Compared with usual care in 1,305 infants with neonatal opioid withdrawal syndrome, the Eat, Sleep, Console care approach significantly decreased the number of days until infants were medically ready for discharge, a study shows. The investigators found no evidence of short-term harms and support “long-term follow-up … to further inform the safety of this approach.”
The cluster-randomized, controlled trial enrolled infants with neonatal opioid withdrawal syndrome who had been born at 36 weeks’ gestation or more at 26 U.S. hospitals. Hospitals transitioned from usual care that used the Finnegan tool to the Eat, Sleep, Console approach at a randomly assigned time. Hospital staff members were trained in the new approach during a 3-month transition period. The Eat, Sleep, Consoled care approach includes a function-based assessment of opioid withdrawal severity that focuses on the ability to eat, sleep, and be consoled; assessment for taking more than 10 minutes for feeding or breastfeeding or taking in less than 10 mL, sleeping for less than 1 hour, and taking more than 10 minutes to be consoled; optimization of nonpharmacologic interventions; and empowerment of families or caregivers.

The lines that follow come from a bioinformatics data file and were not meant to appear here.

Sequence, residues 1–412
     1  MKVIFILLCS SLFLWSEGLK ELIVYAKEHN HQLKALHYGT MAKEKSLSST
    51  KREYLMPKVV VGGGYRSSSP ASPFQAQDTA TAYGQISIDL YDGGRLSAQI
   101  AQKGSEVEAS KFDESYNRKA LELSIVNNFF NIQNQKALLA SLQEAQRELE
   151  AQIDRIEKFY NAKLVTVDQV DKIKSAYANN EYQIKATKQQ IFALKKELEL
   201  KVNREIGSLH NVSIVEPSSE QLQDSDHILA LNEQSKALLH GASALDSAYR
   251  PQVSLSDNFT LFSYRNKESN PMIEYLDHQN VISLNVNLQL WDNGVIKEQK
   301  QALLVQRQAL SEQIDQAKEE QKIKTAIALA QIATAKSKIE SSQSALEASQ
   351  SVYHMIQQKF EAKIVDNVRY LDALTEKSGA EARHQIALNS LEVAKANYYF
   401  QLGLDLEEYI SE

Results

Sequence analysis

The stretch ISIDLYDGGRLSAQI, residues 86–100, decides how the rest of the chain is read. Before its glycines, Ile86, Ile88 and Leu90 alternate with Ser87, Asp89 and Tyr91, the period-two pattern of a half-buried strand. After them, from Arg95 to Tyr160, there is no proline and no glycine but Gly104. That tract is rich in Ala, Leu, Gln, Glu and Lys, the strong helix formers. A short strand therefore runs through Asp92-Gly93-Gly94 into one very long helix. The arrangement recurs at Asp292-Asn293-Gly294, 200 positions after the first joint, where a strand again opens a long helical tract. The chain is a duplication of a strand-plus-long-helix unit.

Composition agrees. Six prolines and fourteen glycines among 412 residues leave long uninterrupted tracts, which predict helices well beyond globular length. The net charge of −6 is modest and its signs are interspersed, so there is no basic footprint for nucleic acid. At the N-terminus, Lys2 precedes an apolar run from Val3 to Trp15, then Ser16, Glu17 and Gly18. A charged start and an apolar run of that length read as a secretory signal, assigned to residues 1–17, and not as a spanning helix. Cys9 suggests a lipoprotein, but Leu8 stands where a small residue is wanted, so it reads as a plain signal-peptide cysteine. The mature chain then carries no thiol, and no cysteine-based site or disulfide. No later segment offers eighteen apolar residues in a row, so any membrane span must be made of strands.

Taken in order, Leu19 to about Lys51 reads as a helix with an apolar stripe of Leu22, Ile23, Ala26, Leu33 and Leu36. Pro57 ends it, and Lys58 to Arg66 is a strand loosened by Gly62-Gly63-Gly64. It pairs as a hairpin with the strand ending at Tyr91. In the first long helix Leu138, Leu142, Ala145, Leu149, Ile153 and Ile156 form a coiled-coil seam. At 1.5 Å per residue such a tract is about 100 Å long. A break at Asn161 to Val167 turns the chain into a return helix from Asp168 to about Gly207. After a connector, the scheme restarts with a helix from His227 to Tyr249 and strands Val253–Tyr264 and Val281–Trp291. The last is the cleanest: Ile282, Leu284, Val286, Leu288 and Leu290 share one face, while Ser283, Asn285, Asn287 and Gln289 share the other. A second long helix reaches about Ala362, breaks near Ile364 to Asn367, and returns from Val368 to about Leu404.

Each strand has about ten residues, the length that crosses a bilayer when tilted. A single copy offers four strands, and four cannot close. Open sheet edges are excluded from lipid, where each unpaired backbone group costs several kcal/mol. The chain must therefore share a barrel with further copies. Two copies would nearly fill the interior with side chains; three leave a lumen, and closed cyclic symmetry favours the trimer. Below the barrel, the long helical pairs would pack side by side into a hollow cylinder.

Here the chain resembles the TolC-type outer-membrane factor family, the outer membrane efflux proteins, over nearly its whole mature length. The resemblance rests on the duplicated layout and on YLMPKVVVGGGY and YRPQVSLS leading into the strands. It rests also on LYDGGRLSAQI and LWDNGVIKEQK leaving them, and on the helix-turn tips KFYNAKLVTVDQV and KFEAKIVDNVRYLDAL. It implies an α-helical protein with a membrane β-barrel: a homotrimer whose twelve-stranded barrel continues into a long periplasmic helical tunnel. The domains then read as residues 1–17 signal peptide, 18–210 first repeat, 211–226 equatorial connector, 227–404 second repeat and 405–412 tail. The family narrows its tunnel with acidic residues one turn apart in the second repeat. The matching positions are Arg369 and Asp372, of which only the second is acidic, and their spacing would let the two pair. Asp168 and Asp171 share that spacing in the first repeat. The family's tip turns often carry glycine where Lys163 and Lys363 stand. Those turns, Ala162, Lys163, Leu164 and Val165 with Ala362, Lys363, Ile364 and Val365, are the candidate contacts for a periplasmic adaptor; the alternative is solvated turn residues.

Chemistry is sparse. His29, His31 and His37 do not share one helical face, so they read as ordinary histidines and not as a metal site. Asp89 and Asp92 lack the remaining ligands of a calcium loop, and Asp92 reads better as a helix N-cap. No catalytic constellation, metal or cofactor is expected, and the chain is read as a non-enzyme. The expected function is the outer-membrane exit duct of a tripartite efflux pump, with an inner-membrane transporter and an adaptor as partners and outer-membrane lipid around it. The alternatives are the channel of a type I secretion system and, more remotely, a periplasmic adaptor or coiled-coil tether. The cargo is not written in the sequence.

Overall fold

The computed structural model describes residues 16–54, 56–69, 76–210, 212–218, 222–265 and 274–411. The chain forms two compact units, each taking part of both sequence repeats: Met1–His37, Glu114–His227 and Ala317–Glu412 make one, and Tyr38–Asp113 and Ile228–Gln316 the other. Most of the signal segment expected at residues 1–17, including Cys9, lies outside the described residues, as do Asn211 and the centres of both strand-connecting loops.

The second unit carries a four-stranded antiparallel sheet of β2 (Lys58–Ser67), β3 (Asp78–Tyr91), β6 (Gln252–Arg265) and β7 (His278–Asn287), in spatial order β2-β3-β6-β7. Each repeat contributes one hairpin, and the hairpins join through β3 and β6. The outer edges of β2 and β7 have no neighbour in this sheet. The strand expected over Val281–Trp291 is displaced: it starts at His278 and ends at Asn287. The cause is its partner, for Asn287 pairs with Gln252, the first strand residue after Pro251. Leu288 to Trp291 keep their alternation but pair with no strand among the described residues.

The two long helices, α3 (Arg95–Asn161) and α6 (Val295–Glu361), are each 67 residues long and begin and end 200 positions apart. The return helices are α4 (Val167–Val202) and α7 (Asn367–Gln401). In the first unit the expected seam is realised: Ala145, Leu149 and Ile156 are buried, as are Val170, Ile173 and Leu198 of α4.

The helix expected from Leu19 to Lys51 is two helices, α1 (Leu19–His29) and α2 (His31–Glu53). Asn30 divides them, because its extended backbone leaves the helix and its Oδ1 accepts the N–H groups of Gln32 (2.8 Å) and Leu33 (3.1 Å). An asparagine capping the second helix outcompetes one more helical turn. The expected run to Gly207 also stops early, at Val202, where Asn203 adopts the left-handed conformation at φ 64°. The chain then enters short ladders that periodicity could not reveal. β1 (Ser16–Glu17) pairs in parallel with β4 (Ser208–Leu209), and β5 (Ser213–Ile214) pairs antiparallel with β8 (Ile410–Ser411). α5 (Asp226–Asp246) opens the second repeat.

Based on a primary outcome of the time from birth until medical readiness for discharge and composite safety outcomes during the first 3 months of postnatal age, the investigators found: “In an intention-to-treat analysis that included 837 infants who met the trial definition for medical readiness for discharge, the number of days from birth until readiness for hospital discharge was 8.2 in the Eat, Sleep, Console group and 14.9 in the usual-care group (adjusted mean difference, 6.7 days; 95% confidence interval [CI], 4.7 to 8.8), for a rate ratio of 0.55 (95% CI, 0.46 to 0.65; P <0.001). The incidence of adverse outcomes was similar in the two groups.”